Mile Higher Musicians: Felix Fast4ward
Mile Higher Musicians
The Denver legend speaks on his sonic progression
When it comes to staples on the Denver music scene, Felix Fast4ward is a name that is often mentioned. His eclectic sound, which incorporates global influences, has found a home in the Mile High City among the ever evolving musical landscape. We got the opportunity to talk with Felix about his sonic progression and how he came to his unique stylings. Learn more below and be sure to catch Felix at the Bluebird Theater on April 29 as he performs alongside Masego & The Trap House Jazz Band as a part of the next Red Bull Sound Select Show.
You’ve been making music for quite a while now and play a plethora of instruments. What made you become so musical?
I would say the turntable itself was pretty much the first instrument that got me thinking about being able to play music at some point. Having records & being able to use those in the turntable realm added to the curiosity and made me realize some day I might be able to play the phrases I was finding on those records.
Both your parents are from Nigeria. How has that affected your music?
I would say being able to hear the High Life records and Fela and afrobeat and different unique rhythms added a lot to my preferences. At this point I don’t stick to one genre, it’s going to be something that rhythmically inspires me for sure.
You have a unique and eclectic sound that incorporates music from around the world. What has helped you find that style? How would you describe it to people?
Well, I feel like my taste of it at first was kind of like, I was living near Lamont School of Music and I met friends that were going there who were into fusiony hip hop. It was the dawn of the jam band thing but these groups incorporated a little more structure and a different musical approach. I felt that was the dawn of the hybrid music thing where you don’t have to choose a specific genre and I feel like over time, as far as progression goes, I feel like that’s hard to call, I feel like there’s a lot of groups and it’s growing in the way that people are able to narrow down exactly what they want to do. There’s still hybridization but there is a specific uniqueness that is coming from that soulful musicality type of stuff. That may just be the groups who have attracted me, but I feel like groups like that are sort of the Denver style.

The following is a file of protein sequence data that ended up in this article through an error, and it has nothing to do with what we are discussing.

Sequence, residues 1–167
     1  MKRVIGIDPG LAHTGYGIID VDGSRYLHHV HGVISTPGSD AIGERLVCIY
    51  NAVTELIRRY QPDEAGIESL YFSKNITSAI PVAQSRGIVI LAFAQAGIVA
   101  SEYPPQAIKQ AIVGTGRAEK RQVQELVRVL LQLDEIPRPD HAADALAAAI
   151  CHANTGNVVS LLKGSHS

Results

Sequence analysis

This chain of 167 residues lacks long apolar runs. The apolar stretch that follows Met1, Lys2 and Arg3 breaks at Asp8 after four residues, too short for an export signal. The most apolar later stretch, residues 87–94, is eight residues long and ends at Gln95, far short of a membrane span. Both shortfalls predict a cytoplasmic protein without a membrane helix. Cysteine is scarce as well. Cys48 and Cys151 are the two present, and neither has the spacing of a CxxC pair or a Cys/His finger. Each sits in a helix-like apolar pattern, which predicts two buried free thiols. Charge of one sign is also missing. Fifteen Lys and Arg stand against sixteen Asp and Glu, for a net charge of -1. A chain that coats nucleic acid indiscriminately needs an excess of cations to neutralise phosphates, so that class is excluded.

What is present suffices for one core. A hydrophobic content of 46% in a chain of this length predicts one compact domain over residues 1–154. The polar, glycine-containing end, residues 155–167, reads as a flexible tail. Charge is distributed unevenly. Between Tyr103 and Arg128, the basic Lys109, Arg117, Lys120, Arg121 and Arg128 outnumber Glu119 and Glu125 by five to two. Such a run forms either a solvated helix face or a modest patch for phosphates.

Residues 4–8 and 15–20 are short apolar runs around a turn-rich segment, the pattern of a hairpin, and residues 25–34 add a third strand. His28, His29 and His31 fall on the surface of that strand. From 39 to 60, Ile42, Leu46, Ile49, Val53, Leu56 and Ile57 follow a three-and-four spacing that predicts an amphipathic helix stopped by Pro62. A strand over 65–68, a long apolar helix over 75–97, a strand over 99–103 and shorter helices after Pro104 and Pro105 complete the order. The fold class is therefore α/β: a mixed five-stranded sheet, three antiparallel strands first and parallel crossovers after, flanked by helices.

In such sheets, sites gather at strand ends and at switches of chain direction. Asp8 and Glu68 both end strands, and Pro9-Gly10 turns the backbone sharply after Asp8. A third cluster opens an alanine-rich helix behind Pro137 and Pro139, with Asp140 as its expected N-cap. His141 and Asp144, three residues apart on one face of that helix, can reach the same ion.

It’s really, just the names change, but I feel like the amount of imagination and execution is still there and that’s what always excited me about the scene here. I feel like where it’s going, it’s just going to keep evolving. It’s like silly putty or clay in that way.
Why did you decide on the “one-man-band” format?
Mostly just to be able to explore. I’ve been in bands before where the leader has really specific ideas and at the end of the day I just wanted to see where my ideas would take me without them being impeded upon. I just wanted to see my vision and I feel like I’m growing out of that and growing into a more collaborative area. That’s the contrast of that idea is that you find your preferences by yourself and then when you go back to the band setting, you can allow other peoples influence to help mold the music.
You play many instruments including guitar, flute, and harmonica. Do you have a favorite?
Well, I want to say the mind. It’s the one that comes up with all the cool ideas. Out of the instruments, I couldn’t just pick one. It’s all about the mind and how it approaches the music.
Who are some of your musical influences?
I would say Steve Howe from Yes, Herbie Hancock, Ian Anderson from Jethro Tull, drummers like Jared Quinox, actually a lot of Denver musicians.
Throughout the years, I’m sure you’ve performed many times. Is there any one performance that sticks out to you?
I want to say it would have to be DJ Lowkey. He threw a beat battle at what used to be Beauty Bar and I got to perform my solo set and also perform with Fly Forward which is a side project with Babah Fly and Mike Wird.